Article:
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    Fishbowl Helmet

    Fishbowl Helmet Ask the next question...

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    This also reminds me of the most recent iteration of the never-ending grimdark debate. Specifically the point about the tension for a writer between drama and realism. Go too far toward drama and the story falls into melodrama, go too far toward realism and the story becomes a boring slice of life.

    Hard SF fans and writers self-admittedly put getting the physics right above all other things. Tipping the scales of drama vs realism vastly in favor of realism, at least in regards to the portrayal of physics, but that's also necessarily at the expense of drama and or writing a good story (dramatically engaging), that's well told (well crafted, well written).

    Well, no, not really. Maybe in the realm of theoretical physics, yes, things haven't changed that much, but the rest of science is certainly not "just engineering". Hawking recently admitted that A Brief History of Time is wrong on several points, not the least of which is black holes. Astronomers are discovering exoplanets by the dozen. Yeah, short list, but it's quite early here. I haven't had my coffee.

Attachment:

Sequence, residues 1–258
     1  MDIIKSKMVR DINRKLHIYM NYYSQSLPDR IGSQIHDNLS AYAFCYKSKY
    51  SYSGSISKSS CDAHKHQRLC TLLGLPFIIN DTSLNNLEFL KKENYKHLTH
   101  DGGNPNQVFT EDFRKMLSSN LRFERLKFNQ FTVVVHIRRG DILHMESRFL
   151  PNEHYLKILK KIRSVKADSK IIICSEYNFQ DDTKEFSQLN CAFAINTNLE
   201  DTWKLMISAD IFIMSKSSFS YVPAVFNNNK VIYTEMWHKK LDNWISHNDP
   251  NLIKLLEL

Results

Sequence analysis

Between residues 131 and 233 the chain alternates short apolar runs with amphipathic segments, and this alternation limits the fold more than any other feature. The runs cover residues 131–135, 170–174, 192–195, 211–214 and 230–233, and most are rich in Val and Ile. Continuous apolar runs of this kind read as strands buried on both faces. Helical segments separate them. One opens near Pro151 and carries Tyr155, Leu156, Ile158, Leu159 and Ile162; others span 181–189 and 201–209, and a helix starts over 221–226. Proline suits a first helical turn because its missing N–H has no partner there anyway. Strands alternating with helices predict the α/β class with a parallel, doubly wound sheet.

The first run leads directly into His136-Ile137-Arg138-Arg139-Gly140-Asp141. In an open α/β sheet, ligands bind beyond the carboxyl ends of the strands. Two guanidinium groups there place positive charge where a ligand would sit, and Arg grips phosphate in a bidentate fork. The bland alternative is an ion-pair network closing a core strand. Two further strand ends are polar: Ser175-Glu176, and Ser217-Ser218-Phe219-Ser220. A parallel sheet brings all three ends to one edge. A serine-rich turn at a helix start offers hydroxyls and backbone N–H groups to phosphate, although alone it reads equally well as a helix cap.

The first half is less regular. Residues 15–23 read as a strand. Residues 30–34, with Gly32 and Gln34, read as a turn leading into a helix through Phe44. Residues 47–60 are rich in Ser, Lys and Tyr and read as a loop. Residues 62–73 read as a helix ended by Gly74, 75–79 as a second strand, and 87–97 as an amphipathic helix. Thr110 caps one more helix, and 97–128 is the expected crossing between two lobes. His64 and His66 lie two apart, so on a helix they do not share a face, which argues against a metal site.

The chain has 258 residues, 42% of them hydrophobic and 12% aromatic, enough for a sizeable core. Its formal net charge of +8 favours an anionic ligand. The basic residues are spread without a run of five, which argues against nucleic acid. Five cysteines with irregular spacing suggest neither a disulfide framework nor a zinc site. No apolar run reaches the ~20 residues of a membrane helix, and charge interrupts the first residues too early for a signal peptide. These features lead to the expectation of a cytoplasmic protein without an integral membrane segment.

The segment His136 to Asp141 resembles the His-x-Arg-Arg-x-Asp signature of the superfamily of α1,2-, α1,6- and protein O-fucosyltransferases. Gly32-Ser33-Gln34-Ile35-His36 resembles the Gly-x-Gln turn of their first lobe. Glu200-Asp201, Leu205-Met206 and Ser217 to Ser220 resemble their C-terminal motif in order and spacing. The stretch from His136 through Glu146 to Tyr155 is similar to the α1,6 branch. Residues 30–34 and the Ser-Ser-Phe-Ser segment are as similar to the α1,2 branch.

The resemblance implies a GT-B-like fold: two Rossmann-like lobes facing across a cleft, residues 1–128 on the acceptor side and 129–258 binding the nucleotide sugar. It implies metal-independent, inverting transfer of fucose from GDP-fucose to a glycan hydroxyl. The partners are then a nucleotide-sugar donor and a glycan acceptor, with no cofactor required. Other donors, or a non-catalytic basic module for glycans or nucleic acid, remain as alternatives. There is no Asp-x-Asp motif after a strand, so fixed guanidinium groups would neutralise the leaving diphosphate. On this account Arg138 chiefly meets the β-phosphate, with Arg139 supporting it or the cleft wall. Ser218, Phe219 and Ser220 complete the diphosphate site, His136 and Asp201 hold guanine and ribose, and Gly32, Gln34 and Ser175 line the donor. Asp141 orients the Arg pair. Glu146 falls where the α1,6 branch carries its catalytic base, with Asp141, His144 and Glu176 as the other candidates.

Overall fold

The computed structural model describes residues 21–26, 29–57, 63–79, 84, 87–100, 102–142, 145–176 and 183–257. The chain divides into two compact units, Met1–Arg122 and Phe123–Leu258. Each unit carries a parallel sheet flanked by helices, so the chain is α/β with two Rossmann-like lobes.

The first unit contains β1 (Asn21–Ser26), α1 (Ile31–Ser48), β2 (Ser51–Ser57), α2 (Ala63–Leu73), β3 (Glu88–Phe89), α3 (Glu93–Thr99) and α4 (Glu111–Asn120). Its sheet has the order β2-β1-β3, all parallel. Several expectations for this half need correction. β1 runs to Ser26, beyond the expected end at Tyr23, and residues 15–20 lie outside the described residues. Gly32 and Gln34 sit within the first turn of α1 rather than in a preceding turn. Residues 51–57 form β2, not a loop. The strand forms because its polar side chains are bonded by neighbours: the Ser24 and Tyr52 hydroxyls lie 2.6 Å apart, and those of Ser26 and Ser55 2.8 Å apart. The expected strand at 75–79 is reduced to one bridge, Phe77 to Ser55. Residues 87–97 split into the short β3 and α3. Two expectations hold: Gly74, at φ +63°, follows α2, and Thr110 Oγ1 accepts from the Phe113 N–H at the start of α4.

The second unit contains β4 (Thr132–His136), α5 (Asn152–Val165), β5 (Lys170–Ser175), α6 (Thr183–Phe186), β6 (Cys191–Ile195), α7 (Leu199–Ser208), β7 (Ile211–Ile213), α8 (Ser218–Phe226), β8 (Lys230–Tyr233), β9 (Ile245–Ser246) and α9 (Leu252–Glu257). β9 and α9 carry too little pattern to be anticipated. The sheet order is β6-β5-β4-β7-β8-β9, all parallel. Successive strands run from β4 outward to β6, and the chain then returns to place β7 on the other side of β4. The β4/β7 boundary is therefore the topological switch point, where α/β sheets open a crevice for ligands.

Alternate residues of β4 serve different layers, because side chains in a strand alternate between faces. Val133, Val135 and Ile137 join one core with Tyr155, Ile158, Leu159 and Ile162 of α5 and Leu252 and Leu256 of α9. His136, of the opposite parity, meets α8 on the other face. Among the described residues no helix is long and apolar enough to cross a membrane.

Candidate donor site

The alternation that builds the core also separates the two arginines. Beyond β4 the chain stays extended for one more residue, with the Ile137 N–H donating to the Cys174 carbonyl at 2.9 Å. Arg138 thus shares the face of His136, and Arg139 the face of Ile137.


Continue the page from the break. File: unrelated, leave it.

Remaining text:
Not entirely true. Another recent splash is The Martian by Andy Weir.

    And in answer to this question:

    I'd say that's a big yes. I can understand (though not want to read) fiction that places such an emphasis on getting the science right that the story is boring (lacks drama), but to read a boring story that the author can't be bothered to care about the craft of it, that's a bridge too far.

    But to Ian's blog post, it's a basically silly complaint to make on its face. Hard SF is the single most stringent subgenre of the field, the subgenre that says if it's not real world, present day physics, you're doing hard SF wrong. The subgenre that says if it's not a story about a piece of technology and its effects, you're doing it wrong.

    Then he complains that it's not experimental in form, setting, or narrative? Really? If you don't write a story about a bit of tech, then the hardcore hard SF fans will say it's simply not hard SF. Or worse, that it's not SF at all, because don't you know, the only real SF is hard SF according to some of these people. Yeah, this particular subgenre doesn't strike me as the "experimental" type.

    I think I've read one hard SF book that didn't bore me to tears or make me wince at the writing, Rendezvous with Rama. Maybe I read it so long ago that I've glossed over the writing.